Object of the Month – December 2014

December 2014 – National Union of Railwaymen, Smithfield branch banner, about 1923

Reverse side of National Union of Railwaymen, Smithfield branch banner, about 1923 @ People's History MuseumThis banner was made by the largest banner making firm, George Tutill Ltd. It is double-sided and highly decorative. On one side a woman in white robes is adorned with the words Light, Education, Industrial Organisation, Political Action and Real Internationalism. The railway workers are looking at an idealised scene of children dancing around a maypole, a common image in many union banners. The words at the bottom of the banner ‘Workers of the world unite! You have nothing to lose but your chains…’ is a popularised version of a quote from Karl Marx’s Communist Manifesto. This side of the banner seems to evoke imagery of escape from urban conditions, which was a popular theme in the Labour Movement in the early 20th century.

The other side of the banner is less idealised with images of buildings and railway workers performing their jobs, and is perhaps more representative of the realities of working life.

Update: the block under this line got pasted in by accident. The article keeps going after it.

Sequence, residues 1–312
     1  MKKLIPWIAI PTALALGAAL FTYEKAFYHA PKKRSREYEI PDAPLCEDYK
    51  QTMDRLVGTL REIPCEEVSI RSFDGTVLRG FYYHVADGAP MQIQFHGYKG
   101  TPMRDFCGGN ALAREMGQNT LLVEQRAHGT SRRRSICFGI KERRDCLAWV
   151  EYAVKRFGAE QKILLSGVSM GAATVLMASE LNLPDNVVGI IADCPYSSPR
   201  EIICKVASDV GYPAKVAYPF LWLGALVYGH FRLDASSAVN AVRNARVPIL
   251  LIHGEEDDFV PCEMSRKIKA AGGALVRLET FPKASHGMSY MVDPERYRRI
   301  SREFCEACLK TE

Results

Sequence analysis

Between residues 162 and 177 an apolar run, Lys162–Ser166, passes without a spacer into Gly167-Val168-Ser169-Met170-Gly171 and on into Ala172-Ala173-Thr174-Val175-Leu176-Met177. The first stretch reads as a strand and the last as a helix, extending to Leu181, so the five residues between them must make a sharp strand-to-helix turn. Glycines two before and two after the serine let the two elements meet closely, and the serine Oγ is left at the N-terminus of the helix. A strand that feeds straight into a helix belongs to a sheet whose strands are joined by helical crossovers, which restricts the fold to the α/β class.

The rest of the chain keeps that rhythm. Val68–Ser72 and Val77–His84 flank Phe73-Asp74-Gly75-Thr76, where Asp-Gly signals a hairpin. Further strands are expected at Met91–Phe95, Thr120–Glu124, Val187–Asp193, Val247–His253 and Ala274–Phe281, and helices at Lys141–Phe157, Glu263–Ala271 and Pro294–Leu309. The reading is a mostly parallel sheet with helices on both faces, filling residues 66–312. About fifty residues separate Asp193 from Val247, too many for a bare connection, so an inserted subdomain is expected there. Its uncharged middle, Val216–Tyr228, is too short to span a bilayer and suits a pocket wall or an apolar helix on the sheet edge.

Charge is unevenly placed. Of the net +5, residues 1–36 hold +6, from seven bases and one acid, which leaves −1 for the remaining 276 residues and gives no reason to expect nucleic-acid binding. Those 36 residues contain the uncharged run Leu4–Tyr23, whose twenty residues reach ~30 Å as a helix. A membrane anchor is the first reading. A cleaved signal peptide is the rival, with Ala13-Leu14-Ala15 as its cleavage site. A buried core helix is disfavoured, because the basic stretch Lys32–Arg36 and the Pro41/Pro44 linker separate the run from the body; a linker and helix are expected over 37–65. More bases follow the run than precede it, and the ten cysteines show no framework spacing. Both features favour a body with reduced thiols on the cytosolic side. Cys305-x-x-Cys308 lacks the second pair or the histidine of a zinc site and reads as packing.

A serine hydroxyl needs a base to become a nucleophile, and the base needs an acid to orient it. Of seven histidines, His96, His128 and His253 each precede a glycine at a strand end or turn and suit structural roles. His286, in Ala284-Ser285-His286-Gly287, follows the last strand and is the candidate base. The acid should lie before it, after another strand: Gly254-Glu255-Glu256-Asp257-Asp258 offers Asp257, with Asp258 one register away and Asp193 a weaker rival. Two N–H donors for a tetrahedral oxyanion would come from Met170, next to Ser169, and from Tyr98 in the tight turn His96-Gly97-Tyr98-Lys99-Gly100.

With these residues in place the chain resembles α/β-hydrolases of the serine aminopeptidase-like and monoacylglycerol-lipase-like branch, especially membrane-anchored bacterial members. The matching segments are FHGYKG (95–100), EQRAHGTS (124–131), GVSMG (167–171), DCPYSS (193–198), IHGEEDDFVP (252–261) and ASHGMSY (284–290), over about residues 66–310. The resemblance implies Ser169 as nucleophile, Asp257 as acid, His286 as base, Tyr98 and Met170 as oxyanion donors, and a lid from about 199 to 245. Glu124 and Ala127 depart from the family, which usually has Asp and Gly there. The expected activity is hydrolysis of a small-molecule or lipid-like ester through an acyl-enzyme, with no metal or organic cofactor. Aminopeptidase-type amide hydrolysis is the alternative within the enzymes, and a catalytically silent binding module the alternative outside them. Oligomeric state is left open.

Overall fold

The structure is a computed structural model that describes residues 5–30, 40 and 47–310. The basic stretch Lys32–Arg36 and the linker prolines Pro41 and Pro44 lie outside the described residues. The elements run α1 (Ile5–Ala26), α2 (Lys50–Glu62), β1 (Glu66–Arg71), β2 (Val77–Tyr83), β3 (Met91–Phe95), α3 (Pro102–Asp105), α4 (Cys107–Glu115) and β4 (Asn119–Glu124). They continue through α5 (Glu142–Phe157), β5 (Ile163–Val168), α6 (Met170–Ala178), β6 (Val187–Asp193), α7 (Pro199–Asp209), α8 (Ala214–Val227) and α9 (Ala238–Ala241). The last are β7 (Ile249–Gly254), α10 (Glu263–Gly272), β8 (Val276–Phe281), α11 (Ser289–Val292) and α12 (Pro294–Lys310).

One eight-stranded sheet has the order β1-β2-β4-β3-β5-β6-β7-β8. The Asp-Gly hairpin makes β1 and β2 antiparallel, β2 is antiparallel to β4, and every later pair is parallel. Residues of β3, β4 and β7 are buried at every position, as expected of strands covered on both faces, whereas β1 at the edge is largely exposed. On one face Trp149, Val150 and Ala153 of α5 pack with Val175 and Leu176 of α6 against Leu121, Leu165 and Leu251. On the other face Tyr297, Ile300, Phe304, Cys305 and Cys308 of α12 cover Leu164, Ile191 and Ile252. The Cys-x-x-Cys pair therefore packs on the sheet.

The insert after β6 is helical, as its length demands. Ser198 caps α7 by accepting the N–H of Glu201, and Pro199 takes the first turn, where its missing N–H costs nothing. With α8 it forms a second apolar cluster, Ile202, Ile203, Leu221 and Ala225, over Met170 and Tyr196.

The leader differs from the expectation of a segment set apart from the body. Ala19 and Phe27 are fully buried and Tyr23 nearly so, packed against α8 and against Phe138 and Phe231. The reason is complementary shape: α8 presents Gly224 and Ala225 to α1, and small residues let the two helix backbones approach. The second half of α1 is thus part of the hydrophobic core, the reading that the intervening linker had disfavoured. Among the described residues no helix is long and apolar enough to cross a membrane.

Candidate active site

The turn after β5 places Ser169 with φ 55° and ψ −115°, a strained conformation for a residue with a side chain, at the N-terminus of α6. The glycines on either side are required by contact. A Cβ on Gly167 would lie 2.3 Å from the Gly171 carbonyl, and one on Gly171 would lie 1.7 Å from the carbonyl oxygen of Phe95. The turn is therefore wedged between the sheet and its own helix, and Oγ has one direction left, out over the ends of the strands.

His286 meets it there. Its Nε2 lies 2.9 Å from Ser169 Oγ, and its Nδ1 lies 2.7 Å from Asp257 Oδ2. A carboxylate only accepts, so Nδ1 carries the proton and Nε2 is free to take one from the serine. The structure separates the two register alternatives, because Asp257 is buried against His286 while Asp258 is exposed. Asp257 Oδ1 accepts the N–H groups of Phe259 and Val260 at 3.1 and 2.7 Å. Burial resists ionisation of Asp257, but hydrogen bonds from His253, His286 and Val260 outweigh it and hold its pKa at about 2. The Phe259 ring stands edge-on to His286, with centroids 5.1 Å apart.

The National Union of Railwaymen (NUR) was formed in March 1913 when three railway unions amalgamated. The new union attracted a large number of new members and by the end of 1913 membership had increased by more than 100,000 people.

In 1914 the Triple Alliance was formed between the NUR, the Miners’ Federation of Great Britain and the National Transport Workers’ Federation bringing greater unity between these organisations, but the start of World War I interrupted any planned activity.

Front of National Union of Railwaymen, Smithfield branch banner, about 1923 @ People's History MuseumIn 1919 the NUR and the Associated Society of Locomotive Engineers and Firemen (ASLEF) organised a nine day national rail strike in order to campaign against the government’s plans to standardise and reduce rates of pay following World War I. The strike action convinced the government to maintain existing rates of pay for another year.

The NUR, as part of the Triple Alliance, played an important part in the General Strike of 1926, the largest industrial dispute in British history. During the inter war years the NUR also focused on transport policy and a campaign to establish public ownership and control of the transport industry.

In 1990, the NUR amalgamated with the National Union of Seamen to form the National Union of Rail, Maritime and Transport Workers (RMT), which still exists today.

This banner is currently undergoing conservation work in our Textile Conservation Studio. It will be on display in Main Gallery One from January 2015.